Because the render loop is, well, a loop, it’s the perfect place to call spawnShape(). Your job is to decide where to inject the spawn logic.

The Renderer Delegate

It’s time to put this cool feature to use in your game.

First, make the GameViewController class conform to the SCNSceneRendererDelegate protocol by adding the following to the bottom of GameViewController.swift:

// 1
extension GameViewController: SCNSceneRendererDelegate {
  // 2
  func renderer(_ renderer: SCNSceneRenderer, 
    updateAtTime time: TimeInterval) {
    // 3

Taking a closer look at the code above:

  1. This adds an extension to GameViewController for protocol conformance and lets you maintain protocol methods in separate blocks of code.
  2. This adds an implementation of the renderer(_: updateAtTime:) protocol method.
  3. Finally, you call spawnShape() to create a new shape inside the delegate method.

This give you your first hook into SceneKit’s render loop. Before the view can call this delegate method, it first needs to know that GameViewController will act as the delegate for the view.

Do this by adding the following line to the bottom of setupView():

scnView.delegate = self

This sets the delegate of the SceneKit view to self. Now the view can call the delegate methods you implement in GameViewController when the render loop runs.

Finally, clean up your code a little by removing the single call to spawnShape() inside viewDidLoad(); it’s no longer needed since you’re calling the method inside the render loop now.

Build and run; unleash the spawning fury of your render loop! :]


The game starts and spawns an insane amount of objects, resulting in a mosh pit of colliding objects — awesome! :]

So what’s happening here? Since you’re calling spawnShape() in every update step of the render loop, you’ll spawn 60 objects per second — if the device you’re running on can support your game at 60 fps. But less-powerful devices, which includes the simulator, can’t support that frame rate.

As the game runs, you’ll notice a rapid decrease in the frame rate. Not only does the graphics processor have to deal with increasing amounts of geometry, the physics engine has to deal with an increasing number of collisions, which also negatively affects your frame rate.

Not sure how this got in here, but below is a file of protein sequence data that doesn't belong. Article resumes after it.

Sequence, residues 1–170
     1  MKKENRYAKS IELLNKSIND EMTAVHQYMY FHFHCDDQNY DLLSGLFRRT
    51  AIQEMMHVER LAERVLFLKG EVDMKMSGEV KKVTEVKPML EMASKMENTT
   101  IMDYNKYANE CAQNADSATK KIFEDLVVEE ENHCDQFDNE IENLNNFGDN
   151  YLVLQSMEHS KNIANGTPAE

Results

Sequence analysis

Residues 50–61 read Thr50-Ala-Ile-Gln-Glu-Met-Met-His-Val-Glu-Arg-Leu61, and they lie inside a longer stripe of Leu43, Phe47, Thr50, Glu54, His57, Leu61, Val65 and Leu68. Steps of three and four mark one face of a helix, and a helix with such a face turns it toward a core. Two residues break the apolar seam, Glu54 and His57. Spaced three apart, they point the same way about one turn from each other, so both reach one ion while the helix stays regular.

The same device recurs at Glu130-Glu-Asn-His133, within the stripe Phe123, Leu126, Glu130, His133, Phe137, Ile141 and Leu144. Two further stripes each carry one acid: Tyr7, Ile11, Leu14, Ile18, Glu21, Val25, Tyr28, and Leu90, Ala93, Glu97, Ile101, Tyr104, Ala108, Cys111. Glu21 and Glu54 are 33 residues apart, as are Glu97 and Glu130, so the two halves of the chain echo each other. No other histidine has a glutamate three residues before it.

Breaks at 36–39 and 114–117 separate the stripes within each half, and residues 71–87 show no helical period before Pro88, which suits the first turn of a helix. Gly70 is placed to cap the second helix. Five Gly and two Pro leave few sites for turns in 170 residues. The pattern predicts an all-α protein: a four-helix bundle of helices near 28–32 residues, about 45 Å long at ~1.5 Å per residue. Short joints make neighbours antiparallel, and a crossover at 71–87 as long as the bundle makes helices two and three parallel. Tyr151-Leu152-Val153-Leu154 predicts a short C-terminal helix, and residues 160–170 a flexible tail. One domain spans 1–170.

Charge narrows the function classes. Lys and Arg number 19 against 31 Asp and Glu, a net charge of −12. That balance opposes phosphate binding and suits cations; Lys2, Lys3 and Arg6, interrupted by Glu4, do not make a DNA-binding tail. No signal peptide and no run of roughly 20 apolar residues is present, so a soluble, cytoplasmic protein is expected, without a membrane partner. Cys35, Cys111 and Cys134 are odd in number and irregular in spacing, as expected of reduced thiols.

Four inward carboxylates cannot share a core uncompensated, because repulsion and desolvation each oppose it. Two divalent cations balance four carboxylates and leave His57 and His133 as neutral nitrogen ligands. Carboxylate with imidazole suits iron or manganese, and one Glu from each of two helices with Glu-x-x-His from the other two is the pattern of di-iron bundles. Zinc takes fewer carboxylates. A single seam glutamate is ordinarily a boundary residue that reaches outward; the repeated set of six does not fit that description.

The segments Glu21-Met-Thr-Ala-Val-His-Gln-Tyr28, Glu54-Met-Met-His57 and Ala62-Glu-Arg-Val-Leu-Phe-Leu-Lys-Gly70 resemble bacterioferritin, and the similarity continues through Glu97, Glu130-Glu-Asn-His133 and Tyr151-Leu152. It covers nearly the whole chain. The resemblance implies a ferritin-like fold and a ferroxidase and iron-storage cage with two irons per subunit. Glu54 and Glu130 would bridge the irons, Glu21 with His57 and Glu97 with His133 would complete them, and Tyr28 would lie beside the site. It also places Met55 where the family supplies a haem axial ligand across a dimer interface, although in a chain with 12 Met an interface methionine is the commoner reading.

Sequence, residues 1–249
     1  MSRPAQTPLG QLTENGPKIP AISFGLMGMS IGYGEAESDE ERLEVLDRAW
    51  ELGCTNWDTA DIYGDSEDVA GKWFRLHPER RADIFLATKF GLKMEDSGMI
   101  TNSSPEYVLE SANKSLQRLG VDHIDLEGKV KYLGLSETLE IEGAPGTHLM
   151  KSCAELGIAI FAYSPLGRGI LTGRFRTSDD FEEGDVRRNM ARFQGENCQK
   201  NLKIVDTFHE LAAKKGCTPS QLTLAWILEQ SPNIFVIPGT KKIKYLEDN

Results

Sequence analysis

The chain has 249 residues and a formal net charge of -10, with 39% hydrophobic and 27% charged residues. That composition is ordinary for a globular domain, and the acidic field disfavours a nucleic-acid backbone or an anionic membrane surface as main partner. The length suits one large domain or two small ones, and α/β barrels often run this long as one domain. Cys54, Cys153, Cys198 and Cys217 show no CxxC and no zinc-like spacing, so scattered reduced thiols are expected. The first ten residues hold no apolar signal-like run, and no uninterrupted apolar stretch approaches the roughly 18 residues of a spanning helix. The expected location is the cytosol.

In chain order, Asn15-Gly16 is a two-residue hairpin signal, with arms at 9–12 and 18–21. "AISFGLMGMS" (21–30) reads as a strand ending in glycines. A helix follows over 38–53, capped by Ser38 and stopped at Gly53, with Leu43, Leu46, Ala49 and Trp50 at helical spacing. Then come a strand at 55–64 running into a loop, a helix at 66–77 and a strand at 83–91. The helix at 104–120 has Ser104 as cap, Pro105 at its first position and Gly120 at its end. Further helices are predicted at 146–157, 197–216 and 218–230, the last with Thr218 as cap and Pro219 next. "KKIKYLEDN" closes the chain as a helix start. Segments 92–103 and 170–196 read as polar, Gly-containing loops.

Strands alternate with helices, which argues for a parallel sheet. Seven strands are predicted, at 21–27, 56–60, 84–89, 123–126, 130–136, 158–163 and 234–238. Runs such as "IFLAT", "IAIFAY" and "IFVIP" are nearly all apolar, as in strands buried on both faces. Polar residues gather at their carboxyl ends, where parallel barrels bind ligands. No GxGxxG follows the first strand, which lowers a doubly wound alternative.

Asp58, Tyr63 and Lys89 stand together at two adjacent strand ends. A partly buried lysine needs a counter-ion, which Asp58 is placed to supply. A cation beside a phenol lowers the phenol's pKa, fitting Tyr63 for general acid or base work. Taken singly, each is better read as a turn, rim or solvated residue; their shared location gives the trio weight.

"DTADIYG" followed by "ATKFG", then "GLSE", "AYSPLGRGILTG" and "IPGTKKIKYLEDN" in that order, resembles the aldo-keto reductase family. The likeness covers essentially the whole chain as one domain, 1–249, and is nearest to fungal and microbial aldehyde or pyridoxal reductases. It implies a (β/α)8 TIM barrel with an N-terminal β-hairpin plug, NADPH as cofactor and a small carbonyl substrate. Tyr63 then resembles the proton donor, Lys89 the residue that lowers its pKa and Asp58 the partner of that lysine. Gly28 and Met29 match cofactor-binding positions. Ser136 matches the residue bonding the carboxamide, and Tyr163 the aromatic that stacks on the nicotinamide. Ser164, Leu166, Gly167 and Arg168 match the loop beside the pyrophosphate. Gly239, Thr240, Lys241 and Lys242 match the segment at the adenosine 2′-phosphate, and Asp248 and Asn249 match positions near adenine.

Things are a bit out of control at the moment, as your game won’t perform terribly well on all devices.

Spawn Timers

To make the gaming experience consistent across devices, you need to make use of time. No, I don’t mean taking more time to write your game! :] Rather, you need to use the passage of time as the one constant across devices; this lets you animate at a consistent rate, regardless of the frame rate the device can support.

Timers are a common technique in many games. Remember the updateAtTime parameter passed into the update delegate method? That parameter represents the current system time. If you monitor this parameter, you can calculate things like the elapsed time of your game, or spawn a new object every three seconds instead of as fast as possible.

Geometry Fighter will use a simple timer to spawn objects at randomly timed interval that any processor should be able to handle.

Add the following property to GameViewController below cameraNode:

var spawnTime: TimeInterval = 0

You’ll use this to determine time interval until you spawn another shape.

To fix the continuous spawning, replace the entire body of renderer(_: updateAtTime:) with the following:

// 1
if time > spawnTime {
  // 2
  spawnTime = time + TimeInterval(Float.random(min: 0.2, max: 1.5))

Taking each commented line in turn:

  1. You check if time (the current system time) is greater than spawnTime. If so, spawn a new shape; otherwise, do nothing.
  2. After you spawn an object, update spawnTime with the next time to spawn a new object. The next spawn time is simply the current time incremented by a random amount. Since TimeInterval is in seconds, you spawn the next object between 0.2 seconds and 1.5 seconds after the current time.